Chapter 4, Enhancing Your Apps with Audio, Video, and Camera, shows you how to interact with your device's media features using Titanium, including the camera, photo gallery, and audio recorder.

Chapter 5, Connecting Your Apps to Social Media and E-mail, teaches you to leverage Titanium and integrate it with Facebook, Twitter, and the e-mail capabilities of your mobile devices. Here, we also go through setting up a Facebook application and cover a brief introduction of the world of OAuth.

Chapter 6, Getting to Grips with Properties and Events, briefly runs through how properties work in Titanium and how you can get and set global variables in your app. In this chapter, you also learn how event listeners and handlers work and how to fire events, both from your controls and custom events from anywhere in your application.

Chapter 7, Creating Animations, Transformations and Implementing Drag and Drop, shows you how to create animations, and how to transform your objects using 2D and 3D matrices in Titanium. We also run through dragging and dropping controls and capturing screenshots using the inbuilt toImage functionality.

Chapter 8, Interacting with Native Phone Applications and APIs, is where you discover how to interact with native device APIs, such as the device's contacts and calendar. You also discover how to use local notifications and background services.

Chapter 9, Integrating Your Apps with External Services, dives deeper into OAuth and HTTP authentication, and also shows you how to connect to external APIs such as Yahoo! YQL and Foursquare. We also run through the setup and integration of push notifications into our Titanium apps.

Chapter 10, Extending Your Apps with Custom Modules, tells you how you can extend the native functionality in Titanium and add your own custom native modules using Objective-C and Xcode. Here, we run through a sample module from start to finish in Xcode to create short URLs using the Bit.ly service.

Chapter 11, Platform Differences, Device Information, and Quirks, shows you how to use Titanium to get information about the device, including important features such as making phone calls, checking the memory, and checking the remaining allocation of the battery. We also go through screen orientations and how to code differences between the iOS and Android platforms.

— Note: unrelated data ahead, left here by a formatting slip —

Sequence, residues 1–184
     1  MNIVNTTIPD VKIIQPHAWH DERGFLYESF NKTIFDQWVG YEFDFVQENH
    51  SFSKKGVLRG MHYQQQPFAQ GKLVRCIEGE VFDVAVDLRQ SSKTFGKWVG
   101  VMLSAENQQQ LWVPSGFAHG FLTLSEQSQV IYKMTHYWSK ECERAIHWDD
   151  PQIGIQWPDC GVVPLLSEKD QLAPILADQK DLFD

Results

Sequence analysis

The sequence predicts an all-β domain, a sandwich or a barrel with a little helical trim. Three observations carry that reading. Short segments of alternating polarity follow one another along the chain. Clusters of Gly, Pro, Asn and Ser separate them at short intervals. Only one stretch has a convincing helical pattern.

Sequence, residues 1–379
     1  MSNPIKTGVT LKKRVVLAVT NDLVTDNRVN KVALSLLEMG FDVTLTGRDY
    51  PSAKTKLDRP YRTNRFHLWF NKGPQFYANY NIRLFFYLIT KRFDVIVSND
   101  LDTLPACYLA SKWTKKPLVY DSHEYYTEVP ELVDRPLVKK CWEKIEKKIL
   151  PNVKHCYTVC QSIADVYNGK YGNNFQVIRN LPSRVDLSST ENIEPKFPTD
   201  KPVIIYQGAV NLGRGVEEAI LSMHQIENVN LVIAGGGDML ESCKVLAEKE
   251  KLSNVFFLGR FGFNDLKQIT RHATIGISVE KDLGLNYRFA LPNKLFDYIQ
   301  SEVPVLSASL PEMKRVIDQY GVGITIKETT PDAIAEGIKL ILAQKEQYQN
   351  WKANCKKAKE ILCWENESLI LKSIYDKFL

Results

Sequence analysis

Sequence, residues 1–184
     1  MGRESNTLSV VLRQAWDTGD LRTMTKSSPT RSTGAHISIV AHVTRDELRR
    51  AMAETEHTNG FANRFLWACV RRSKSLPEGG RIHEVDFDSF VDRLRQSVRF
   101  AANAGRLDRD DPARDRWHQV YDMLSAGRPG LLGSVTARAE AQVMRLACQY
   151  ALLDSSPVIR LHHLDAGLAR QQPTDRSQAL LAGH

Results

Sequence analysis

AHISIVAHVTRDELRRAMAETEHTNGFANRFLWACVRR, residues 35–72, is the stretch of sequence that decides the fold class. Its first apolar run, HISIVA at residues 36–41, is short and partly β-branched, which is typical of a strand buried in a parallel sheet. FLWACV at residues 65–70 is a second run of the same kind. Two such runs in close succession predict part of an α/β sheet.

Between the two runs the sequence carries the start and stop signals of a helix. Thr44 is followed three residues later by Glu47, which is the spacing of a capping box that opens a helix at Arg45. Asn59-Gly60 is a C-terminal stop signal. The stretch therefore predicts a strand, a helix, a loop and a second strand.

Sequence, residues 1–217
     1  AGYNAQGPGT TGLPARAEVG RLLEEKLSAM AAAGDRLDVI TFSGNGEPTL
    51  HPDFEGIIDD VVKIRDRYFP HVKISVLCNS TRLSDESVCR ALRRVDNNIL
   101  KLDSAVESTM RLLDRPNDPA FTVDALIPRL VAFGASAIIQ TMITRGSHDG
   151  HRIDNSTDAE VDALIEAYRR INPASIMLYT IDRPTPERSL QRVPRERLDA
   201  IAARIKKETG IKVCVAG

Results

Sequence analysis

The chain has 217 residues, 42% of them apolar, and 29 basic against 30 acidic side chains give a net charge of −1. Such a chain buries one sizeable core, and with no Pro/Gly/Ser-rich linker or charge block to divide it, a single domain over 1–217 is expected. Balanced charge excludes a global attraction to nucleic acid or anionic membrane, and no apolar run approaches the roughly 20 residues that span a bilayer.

Chapter 12, Preparing Your App for Distribution and Getting It Published, demonstrates how to prepare and package your applications for distribution and sale on the iTunes App Store and Android Marketplace, along with a background of setting up and provisioning your apps correctly with provisioning profiles and development certificates.

Chapter 13, Implementing and Using URL Schemes, we will show how to use URL schemes to allow inter-app communication, from launching other apps to sending data between your own applications.

Chapter 14, Introduction to Alloy MVC, we will cover the Alloy MVC (Model, View Controller) framework, allowing you to build cross-platform applications faster than traditional Titanium mobile development.

What you need for this book

You will need a Mac running Xcode (the latest version, which is available at https://developer.apple.com/) and the Appcelerator Studio software (available at http://www.appcelerator.com/). You must use a Mac, as all instructions are based on it (Unix) because of the iPhone. Using a PC is not recommended, or supported anyway, for the Apple iPhone.

Who this book is for

This book is essential for any developer who is learning or using JavaScript and wants to write native UI applications for iOS and Android. No knowledge of Objective-C, Swift, or Java is required, and you'll be quickly developing native cross-platform apps in JavaScript.

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actionBar.backgroundImage = "/bg.png";
actionBar.title = "New Title"; 
}

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gittio install com.packtpub.bitlymodule-iphone-1.0.0.zip

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Note